Tom's Guide Verdict
The Razer Kaira Pro is a clean, comfortable, intuitive gaming headset for the Xbox Series X/S, although that occasionally works to its detriment.
Ideal for Xbox consoles
Few customization options
Why you can trust Tom's Guide
Compatibility: Xbox Series X/S, Xbox One, PC, mobile
Frequency Response: 20 Hz - 20 kHz
The Razer Kaira Pro presents something of a conundrum for gear-hungry gamers. On the one hand, just about every Xbox One accessory works just fine with Microsoft's new consoles, the Xbox Series X and the Xbox Series S. There's no real reason to buy fancy new gadgets. On the other hand, if you're not going to buy fancy new gadgets at a console launch, when are you going to do it? The Kaira Pro makes a pretty compelling case for dishing out an extra $150.
This wireless headset features good sound quality, a comfortable fit, a convenient design and helpful Bluetooth functionality, all for $150: the going rate for mid-range wireless gaming headsets. While it won't work with PS5 or Switch, it pairs beautifully with any Xbox console, as well as PCs and mobile devices.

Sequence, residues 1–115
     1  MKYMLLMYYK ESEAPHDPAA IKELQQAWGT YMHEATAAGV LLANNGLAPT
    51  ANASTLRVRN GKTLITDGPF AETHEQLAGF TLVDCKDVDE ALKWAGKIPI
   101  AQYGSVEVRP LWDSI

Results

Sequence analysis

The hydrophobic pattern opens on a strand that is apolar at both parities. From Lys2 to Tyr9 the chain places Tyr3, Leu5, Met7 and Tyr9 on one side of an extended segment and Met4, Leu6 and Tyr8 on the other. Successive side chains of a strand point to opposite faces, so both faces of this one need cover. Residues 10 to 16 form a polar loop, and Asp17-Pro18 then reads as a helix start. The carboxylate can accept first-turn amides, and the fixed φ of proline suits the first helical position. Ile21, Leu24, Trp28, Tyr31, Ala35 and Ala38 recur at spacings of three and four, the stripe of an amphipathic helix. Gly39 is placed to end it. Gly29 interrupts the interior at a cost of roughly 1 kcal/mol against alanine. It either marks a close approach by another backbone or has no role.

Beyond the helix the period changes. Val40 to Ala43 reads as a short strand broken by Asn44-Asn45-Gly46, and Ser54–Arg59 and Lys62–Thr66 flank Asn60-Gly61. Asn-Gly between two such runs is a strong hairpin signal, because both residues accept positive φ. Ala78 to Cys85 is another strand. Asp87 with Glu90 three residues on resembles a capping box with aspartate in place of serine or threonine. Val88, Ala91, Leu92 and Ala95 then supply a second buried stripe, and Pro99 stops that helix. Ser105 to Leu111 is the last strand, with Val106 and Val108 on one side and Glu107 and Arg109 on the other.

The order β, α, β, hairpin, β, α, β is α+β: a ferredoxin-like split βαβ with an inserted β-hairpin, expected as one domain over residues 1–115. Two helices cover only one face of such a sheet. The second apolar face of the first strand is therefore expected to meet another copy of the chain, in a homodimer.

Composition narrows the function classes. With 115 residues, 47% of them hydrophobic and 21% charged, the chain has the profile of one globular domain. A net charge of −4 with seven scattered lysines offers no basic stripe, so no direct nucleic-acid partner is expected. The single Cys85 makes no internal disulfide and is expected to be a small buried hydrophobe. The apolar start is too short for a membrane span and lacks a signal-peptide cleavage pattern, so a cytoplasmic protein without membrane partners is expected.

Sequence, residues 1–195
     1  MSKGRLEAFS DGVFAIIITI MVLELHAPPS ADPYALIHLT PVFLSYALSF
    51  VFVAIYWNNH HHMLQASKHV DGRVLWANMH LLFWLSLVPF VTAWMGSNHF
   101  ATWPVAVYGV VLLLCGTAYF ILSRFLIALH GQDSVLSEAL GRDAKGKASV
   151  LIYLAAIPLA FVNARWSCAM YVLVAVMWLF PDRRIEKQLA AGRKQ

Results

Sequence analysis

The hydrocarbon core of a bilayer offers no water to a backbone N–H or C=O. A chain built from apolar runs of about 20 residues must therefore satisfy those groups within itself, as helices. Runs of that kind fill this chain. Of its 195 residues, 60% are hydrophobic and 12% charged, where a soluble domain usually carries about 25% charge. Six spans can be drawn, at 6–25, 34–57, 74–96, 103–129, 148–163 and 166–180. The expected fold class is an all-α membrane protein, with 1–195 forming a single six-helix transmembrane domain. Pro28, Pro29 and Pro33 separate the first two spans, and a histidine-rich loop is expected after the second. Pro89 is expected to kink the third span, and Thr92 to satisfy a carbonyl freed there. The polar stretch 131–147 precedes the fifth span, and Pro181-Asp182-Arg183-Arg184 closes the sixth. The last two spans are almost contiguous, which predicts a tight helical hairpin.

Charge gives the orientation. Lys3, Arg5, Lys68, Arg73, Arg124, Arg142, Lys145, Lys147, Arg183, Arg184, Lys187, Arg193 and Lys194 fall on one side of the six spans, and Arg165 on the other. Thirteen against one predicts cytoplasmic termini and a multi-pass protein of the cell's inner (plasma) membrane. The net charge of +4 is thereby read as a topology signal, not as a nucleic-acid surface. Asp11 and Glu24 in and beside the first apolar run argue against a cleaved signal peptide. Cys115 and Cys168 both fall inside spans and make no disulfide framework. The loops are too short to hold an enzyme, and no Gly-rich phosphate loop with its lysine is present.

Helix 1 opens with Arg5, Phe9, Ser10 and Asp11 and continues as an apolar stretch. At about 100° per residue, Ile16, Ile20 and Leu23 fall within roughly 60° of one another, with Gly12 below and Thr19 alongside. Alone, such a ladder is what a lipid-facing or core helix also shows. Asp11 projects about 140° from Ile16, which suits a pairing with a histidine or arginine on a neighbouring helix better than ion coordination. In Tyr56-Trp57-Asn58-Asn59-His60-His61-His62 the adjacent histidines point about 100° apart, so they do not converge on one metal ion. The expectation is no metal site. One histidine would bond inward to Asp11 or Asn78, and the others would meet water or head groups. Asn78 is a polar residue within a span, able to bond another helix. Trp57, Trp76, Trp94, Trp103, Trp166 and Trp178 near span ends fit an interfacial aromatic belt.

If anything prevents me from giving the Kaira Pro an unqualified recommendation, it's that the Bluetooth functionality can be both a blessing and a curse. Using the peripheral with PC and mobile is not as seamless as it could be, and your tweaking options are much more limited than with other Razer headsets. Still, the Kaira Pro is one of the best gaming headsets for Xbox owners, particularly those in the market for a wireless model. Read our full Razer Kaira Pro review for more.
Razer Kaira Pro review: Design
The Razer Kaira Pro is yet another example of how Razer's headset design has changed for the better in 2020. While the company used to produce nothing but huge and bulky models, its recent headsets have been much sleeker, lighter and easier on the eyes. The Kaira Pro features a pretty green-and-black color scheme with oval memory foam earcups and a generously padded steel headband. Along with a tasteful Razer logo on each side of the device, these make the headset look both distinctive and elegant.